Best Practices in HR

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Karin Hurt
  January 1, 1970

A Manager’s Guide to Better Decision Making

Best Practices for Better Decision Making

Have you ever heard any of these common decision-making frustrations?

“Our conversations just go in circles, it seems like we can never make a decision around here!”

“This is so stupid—you asked for my opinion and then ignored it. I don’t know why I even bother! From now on, I’m just going to shut my mouth and do my work.”

“We talked about so much I’m not even sure what we’re talking about. Are we making a decision or what?”

Avoid These Two Big Mistakes

We’ve both heard these words and so has nearly every manager we’ve ever worked with. We imagine you have too. This kind of frustration and anger reflects a broken process. To make more efficient decisions your team can get behind, start by avoiding these two big mistakes.

Mistake 1: Combining “Where are we going?” conversations with “How will we get there?” decisions.

Start your conversation with two vital pieces of information.

Better decision making (2)1. What kind of decision is this?


2. Who owns the decision?

What kind of decision is this?

The first step to making decisions that everyone gets behind is to make just one decision at a time and limit discussion to that single decision.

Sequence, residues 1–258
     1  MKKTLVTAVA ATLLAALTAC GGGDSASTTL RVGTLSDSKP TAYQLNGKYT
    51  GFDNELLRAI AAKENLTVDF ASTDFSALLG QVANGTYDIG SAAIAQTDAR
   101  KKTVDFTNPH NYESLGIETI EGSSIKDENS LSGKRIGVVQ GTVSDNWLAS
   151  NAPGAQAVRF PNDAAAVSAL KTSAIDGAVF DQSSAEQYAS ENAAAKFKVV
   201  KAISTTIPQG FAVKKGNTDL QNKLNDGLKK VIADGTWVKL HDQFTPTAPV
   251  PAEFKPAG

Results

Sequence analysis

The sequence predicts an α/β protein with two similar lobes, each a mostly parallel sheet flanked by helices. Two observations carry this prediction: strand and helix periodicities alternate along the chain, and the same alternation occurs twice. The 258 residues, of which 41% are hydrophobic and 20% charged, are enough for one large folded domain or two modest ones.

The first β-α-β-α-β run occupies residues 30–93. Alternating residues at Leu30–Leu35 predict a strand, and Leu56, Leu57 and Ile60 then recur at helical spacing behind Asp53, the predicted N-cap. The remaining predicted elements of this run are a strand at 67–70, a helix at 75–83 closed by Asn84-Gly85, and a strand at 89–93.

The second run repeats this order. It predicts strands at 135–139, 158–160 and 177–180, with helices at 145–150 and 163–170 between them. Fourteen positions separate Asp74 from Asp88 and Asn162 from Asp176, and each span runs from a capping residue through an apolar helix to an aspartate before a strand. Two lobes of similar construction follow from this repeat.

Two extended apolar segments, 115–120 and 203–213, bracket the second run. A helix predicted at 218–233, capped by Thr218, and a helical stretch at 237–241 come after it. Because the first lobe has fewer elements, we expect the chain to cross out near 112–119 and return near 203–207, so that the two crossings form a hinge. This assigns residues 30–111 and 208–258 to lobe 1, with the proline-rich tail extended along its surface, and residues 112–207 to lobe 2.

“Where are we going?” decisions

The first type is a decision about goals.

The question, “Where are we going?” can take many forms, but it’s always about your group’s goal, destination, or outcome.

Other ways to ask this question are, “What is the outcome we need to achieve?” or, “What does success look like?”

You can’t talk about how you’re going to do those things until you’ve first clearly decided what success looks like.

For example, say you’re looking at your employee engagement survey results and realize your front-line supervisors are feeling overwhelmed and exhausted.

Of course, you have many strategic “Where are we going?” choices you could make.

Perhaps they could use training on how to effectively and efficiently lead their remote teams.

Or, maybe you want to revisit your scheduling or time-off policies.

Another option could be to find ways to create more human connection and support through virtual water coolers and other fun.

First, make the decision on which approach you will take, and what success looks like BEFORE you start talking about what training partner to use, or best practices for time-off policies.

Know where you are going before you discuss how to get there.

“How will we get there?” decisions

The second type of decision is: “How will we get there?”

This is a decision-making discussion about methods.

For example, if the decision has been made to invest in front-line leadership training, now you can entertain the “How will we get there?” questions.

Should it be in-person or live virtual training? What competencies should we focus on? Will we include a leaders-as-teachers approach? How will we reinforce the training to ensure it’s sustainable?

Separate discussions about where you are going from how you will get there.

Managers get in trouble when they allow these discussions to get mixed up.

The team starts out talking about whether to change up schedules and then suddenly the conversation shifts to which training partner to use. And then, someone else starts talking about the need for focus groups.

The discussion is confused, perplexing, and wastes time because the question isn’t clear.

Mistake Number 2: Failure to Define Who Owns the Decision

Let’s return to the upset employee we quoted at the beginning of this article.